But Moroni was able to wriggle his way out of the man’s grasp and ran off before being robbed.

“So, please, please, please be careful if you ever go to Montmartre. Make sure that you walk down the outer stairs, the one on the sides, not the central one that gets to the very bottom of it. And stay safe.” Moroni said. “And if you ever see anyone approaching you with a bracelet, just run away.”

Community

Decluttering top of mind for 2024? This Facebook group can help

This online community offers easy-to-implement advice for decluttering, organizing, and cleaning up your home and your life with support from 125,000 members.

With the new year comes plenty of resolutions we all vow to keep up with the best of intentions. But by February 1, our resolve has often waned as life gets in the way and things go back to how they were. What we all need a little more of is motivation.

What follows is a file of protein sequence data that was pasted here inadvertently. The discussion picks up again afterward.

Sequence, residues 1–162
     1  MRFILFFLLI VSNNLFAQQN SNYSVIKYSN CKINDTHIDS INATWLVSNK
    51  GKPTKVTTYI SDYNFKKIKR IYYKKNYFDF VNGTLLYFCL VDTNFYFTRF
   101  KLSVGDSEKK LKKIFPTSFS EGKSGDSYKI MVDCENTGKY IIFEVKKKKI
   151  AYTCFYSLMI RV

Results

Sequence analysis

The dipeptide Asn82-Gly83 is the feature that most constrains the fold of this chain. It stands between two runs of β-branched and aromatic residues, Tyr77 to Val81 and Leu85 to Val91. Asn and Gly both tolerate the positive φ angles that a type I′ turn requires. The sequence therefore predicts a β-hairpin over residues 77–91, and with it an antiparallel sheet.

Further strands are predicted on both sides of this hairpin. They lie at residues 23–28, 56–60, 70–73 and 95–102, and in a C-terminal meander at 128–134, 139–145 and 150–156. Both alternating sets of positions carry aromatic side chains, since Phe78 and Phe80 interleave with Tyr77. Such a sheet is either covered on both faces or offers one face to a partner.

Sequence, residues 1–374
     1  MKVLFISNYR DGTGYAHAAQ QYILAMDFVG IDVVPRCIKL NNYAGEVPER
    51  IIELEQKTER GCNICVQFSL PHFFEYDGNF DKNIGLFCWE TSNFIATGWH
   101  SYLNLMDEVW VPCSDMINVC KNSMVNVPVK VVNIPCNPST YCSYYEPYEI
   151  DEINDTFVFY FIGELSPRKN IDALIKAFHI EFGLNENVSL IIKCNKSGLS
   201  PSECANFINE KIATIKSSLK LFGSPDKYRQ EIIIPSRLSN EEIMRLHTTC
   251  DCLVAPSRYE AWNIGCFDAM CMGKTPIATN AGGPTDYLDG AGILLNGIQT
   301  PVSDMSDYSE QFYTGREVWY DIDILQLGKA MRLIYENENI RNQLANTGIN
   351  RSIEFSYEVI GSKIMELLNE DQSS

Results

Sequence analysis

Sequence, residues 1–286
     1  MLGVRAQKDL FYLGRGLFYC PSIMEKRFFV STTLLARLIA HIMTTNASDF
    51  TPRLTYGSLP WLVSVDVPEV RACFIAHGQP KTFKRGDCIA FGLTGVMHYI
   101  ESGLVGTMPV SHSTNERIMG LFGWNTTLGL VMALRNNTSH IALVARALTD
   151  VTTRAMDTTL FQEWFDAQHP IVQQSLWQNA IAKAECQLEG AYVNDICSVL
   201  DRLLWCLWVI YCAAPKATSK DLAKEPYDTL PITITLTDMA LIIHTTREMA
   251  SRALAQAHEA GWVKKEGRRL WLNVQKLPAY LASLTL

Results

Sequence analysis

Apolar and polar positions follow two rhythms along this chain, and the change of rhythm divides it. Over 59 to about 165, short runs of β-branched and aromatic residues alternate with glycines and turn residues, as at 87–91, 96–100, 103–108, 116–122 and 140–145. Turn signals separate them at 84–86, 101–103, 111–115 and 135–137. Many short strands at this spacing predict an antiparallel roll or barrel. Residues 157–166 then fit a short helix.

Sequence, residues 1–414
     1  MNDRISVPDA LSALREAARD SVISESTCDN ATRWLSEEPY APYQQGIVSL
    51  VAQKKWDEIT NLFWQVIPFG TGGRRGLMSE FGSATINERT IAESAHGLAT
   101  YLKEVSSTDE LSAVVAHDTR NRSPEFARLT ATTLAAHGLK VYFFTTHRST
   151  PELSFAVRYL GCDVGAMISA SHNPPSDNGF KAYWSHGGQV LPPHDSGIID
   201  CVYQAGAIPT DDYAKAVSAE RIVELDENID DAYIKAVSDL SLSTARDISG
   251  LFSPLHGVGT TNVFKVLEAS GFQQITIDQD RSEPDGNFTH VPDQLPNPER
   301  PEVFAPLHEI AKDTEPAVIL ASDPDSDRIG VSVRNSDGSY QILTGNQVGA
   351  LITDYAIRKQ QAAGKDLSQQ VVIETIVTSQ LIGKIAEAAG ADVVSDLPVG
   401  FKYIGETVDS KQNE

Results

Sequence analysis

When we participate in something collectively, it’s easier to meet goals and maintain the enthusiasm to get things done. While the support of a friend or two is great, imagine having the power of an entire online community cheering you on and offering advice along the way.

This is where the Daily Decluttering Challenge Facebook group comes in. This online community offers easy-to-implement advice for decluttering, organizing, and cleaning up your home and your life with support from 125,000 members.

“By building a network of people who can support and encourage you along the way, you can make progress towards your goals faster and more effectively. Remember, no one achieves success alone, and having a strong support system can make the difference in a goal set versus a goal achieved,” says Kristin Burke, a goal achievement coach.